Sponsored by the U.S. Department of Energy Human Genome Program
Human Genome News Archive Edition
| Available in PDF
In this issue...
In the News
Ethical, Legal, and Social Issues and Educational Resources
Genetics in Medicine
Web, Other Resources, Publications
Meeting Calendars & Acronyms
Chlamydia Genome Offers Surprises
Stimulates New Research into Treatment of Major STD, Prevention of Blindness
Analysis of the 1-Mb genome of Chlamydia trachomatis has revealed some unexpected biology for the tiny organism. C. trachomatis is responsible for causing the most common bacterial sexually transmitted disease (STD) in the United States as well as trachoma, a major cause of blindness in Asia and Africa. A collaboration among scientists at the University of California at Berkeley and Stanford University, the study was reported in the genome issue of Science (October 23, 1998).
Of 18 fully sequenced bacterial genomes, Chlamydia is the only obligate intracellular parasite, growing exclusively within eukaryotic cells and requiring host enzymes and cellular machinery for several necessary functions. Researchers were surprised to learn that it harbors genes that could allow it to generate its own energy-storage molecule, ATP (adenosine triphosphate).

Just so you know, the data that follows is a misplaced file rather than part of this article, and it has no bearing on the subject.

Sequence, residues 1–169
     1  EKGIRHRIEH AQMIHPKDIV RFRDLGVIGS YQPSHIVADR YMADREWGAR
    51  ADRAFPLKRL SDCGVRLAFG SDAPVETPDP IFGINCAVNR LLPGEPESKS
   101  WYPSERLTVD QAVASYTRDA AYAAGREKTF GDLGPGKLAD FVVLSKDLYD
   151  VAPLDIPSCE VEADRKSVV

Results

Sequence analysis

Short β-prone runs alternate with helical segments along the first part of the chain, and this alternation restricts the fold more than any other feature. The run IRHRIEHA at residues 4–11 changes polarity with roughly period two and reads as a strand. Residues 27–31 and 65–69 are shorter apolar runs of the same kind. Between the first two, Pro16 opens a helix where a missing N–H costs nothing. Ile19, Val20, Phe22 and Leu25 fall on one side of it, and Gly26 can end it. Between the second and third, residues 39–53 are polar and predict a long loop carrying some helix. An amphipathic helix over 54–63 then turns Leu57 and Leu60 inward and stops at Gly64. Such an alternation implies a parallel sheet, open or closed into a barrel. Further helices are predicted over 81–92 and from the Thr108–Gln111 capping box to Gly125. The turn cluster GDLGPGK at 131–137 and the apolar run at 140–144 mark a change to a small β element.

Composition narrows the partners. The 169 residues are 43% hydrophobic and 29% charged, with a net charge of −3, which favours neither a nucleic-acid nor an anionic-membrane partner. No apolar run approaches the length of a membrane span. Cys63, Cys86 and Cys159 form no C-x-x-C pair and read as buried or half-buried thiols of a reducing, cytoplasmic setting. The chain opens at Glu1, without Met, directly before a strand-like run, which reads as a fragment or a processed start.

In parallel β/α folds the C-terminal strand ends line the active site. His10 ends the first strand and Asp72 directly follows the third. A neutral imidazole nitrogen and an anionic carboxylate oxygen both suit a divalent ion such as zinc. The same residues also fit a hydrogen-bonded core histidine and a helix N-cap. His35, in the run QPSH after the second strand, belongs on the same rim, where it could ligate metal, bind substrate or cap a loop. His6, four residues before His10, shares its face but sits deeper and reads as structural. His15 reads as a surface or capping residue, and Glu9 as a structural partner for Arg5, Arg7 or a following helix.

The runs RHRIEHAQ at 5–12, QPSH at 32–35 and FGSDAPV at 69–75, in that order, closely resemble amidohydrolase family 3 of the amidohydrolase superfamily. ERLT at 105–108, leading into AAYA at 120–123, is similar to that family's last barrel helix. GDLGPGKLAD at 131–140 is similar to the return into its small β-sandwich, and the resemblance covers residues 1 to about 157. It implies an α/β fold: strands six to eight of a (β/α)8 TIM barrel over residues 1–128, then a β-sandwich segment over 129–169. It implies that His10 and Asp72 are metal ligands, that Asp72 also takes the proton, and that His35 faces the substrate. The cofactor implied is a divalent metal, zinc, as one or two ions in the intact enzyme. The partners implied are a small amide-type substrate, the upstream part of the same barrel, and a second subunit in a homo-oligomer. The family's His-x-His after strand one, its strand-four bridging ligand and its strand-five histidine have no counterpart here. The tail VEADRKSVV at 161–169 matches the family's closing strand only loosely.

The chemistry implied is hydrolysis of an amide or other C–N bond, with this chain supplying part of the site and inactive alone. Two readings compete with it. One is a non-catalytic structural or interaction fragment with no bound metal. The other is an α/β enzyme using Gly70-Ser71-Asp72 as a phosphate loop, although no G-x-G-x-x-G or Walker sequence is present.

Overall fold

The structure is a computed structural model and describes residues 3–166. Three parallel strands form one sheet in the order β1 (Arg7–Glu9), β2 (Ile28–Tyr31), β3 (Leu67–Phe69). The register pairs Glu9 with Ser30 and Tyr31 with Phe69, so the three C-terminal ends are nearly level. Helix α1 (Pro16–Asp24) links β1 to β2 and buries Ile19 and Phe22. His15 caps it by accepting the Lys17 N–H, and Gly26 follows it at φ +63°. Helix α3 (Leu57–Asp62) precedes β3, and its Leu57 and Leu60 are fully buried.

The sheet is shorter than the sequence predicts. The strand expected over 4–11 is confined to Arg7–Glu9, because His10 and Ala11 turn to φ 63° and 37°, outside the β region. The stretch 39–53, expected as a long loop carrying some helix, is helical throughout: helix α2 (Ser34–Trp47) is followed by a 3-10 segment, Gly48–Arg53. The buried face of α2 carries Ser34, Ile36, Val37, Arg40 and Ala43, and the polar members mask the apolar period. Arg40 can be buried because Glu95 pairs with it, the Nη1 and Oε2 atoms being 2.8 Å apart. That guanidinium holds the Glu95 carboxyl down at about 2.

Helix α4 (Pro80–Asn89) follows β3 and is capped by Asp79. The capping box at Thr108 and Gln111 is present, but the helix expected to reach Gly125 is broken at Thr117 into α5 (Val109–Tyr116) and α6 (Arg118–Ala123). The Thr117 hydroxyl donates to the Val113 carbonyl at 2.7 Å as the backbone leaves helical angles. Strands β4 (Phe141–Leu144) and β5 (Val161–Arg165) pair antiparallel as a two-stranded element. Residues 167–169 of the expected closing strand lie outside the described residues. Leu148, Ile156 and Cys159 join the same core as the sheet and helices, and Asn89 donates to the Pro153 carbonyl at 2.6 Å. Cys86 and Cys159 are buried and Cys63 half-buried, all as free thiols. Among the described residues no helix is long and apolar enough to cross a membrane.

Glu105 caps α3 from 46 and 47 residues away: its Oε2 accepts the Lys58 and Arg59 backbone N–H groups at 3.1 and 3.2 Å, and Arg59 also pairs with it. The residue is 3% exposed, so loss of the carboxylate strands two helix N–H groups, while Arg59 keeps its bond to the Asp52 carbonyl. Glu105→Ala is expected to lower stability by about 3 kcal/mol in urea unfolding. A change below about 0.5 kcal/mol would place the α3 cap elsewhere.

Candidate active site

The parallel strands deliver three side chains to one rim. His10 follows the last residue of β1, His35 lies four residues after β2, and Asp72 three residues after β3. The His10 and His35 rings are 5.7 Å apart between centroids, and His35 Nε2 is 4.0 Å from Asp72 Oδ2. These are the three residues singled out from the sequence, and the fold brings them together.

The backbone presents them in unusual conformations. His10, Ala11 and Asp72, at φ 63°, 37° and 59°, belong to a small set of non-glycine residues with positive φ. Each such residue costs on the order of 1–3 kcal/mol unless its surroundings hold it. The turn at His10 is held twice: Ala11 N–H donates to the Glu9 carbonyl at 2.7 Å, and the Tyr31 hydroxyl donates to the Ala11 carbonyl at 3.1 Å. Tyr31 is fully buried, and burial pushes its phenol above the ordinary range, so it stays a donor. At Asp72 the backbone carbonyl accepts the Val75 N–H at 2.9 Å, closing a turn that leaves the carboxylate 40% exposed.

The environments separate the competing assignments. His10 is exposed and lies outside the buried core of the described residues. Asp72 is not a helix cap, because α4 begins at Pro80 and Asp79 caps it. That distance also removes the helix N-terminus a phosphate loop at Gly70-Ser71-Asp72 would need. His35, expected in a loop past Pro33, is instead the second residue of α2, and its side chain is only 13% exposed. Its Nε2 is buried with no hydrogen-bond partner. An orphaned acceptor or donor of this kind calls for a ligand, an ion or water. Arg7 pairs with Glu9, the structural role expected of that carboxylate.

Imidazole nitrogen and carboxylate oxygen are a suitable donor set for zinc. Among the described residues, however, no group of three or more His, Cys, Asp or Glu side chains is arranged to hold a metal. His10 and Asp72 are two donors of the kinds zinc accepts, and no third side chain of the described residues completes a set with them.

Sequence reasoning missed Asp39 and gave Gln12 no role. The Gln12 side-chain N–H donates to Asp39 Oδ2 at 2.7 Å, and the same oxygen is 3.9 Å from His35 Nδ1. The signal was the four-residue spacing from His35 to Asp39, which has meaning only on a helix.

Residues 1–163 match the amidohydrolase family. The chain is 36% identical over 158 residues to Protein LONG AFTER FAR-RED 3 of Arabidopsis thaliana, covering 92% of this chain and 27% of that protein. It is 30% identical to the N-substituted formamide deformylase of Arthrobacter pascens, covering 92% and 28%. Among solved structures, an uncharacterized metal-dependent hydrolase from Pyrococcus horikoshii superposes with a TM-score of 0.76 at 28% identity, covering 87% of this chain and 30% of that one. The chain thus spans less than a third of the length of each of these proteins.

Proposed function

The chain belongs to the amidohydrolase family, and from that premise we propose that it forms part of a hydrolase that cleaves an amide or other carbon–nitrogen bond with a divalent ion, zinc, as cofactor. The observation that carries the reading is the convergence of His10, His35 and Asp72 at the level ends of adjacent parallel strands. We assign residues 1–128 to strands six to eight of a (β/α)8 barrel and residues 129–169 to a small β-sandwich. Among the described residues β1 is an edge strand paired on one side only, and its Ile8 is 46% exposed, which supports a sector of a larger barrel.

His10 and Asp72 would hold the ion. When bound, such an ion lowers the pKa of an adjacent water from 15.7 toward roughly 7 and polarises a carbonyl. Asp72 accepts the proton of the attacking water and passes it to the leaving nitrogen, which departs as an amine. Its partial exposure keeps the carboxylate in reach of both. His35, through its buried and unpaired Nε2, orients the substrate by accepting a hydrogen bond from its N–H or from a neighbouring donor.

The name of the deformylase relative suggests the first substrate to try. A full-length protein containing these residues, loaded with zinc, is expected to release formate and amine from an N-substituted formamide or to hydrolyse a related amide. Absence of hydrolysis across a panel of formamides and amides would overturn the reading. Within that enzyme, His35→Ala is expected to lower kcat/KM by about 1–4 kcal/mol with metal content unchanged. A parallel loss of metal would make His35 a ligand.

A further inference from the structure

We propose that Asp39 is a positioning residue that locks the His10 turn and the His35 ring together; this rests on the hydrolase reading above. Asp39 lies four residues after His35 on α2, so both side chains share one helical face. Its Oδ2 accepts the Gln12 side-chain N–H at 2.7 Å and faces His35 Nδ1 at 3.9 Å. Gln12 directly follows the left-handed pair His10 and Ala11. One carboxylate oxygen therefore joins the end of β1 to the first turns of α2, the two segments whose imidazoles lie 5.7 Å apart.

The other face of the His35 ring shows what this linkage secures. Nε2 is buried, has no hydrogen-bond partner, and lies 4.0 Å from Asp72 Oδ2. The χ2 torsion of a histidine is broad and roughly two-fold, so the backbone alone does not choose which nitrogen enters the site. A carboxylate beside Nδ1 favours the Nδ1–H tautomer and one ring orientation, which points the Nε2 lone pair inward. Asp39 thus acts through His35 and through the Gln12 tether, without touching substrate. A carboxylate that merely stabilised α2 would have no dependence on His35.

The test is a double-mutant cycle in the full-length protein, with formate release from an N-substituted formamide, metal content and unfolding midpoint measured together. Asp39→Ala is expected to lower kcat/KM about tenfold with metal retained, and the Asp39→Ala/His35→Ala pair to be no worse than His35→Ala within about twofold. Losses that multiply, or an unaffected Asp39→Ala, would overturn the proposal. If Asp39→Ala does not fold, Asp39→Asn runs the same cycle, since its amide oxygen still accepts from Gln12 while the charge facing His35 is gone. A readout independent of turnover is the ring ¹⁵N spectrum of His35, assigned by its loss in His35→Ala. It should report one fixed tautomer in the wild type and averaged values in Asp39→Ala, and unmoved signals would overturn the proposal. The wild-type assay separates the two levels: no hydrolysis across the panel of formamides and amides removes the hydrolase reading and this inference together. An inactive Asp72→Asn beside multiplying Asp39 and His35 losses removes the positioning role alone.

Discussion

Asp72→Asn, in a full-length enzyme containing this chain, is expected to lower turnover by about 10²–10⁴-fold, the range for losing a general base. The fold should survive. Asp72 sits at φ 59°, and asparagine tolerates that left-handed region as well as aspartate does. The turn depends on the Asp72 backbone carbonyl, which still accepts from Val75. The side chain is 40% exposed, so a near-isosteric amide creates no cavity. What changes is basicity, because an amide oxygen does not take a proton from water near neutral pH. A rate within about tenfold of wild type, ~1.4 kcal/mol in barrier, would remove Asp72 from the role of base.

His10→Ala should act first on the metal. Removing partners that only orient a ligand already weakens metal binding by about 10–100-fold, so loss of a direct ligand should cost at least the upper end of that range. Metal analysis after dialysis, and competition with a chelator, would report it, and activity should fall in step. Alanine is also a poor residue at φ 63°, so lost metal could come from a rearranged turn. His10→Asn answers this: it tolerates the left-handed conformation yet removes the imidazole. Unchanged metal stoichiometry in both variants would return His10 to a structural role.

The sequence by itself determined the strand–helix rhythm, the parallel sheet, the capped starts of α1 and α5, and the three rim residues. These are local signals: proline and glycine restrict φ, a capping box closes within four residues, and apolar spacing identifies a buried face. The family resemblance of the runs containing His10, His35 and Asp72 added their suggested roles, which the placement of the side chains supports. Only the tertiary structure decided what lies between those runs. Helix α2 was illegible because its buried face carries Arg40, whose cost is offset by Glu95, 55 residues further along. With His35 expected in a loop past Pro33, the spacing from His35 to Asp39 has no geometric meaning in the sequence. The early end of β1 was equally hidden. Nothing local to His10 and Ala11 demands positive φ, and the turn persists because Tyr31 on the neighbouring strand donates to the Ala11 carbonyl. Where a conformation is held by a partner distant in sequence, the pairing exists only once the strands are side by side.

Another new finding explained why Chlamydia is vulnerable to penicillin. Although Chlamydia was thought to lack peptidoglycan, a vital bacterial cell-wall component and the antibiotic's major target, scientists have identified the genes for synthesizing this molecule. Other genes found for new surface proteins may be important for future vaccine development, possibly by using the gene sequence itself instead of the protein to stimulate an immune response. Data are available on the Chlamydia Genome Project Web site
The project is focusing now on sequencing the genome of the organism C. pneumoniae, which causes a mild pneumonia and also may contribute to the development of atherosclerotic lesions. This project is funded by the genome data company Incyte Pharmaceuticals (Palo Alto, California), which also is sequencing human genes (p. 7). [Denise Casey, HGMIS]
The electronic form of the newsletter may be cited in the following style:
The Human Genome Project (HGP) was an international 13-year effort, 1990 to 2003. Primary goals were to discover the complete set of human genes and make them accessible for further biological study, and determine the complete sequence of DNA bases in the human genome. See Timeline for more HGP history.
Published from 1989 until 2002, this newsletter facilitated HGP communication, helped prevent duplication of research effort, and informed persons interested in genome research.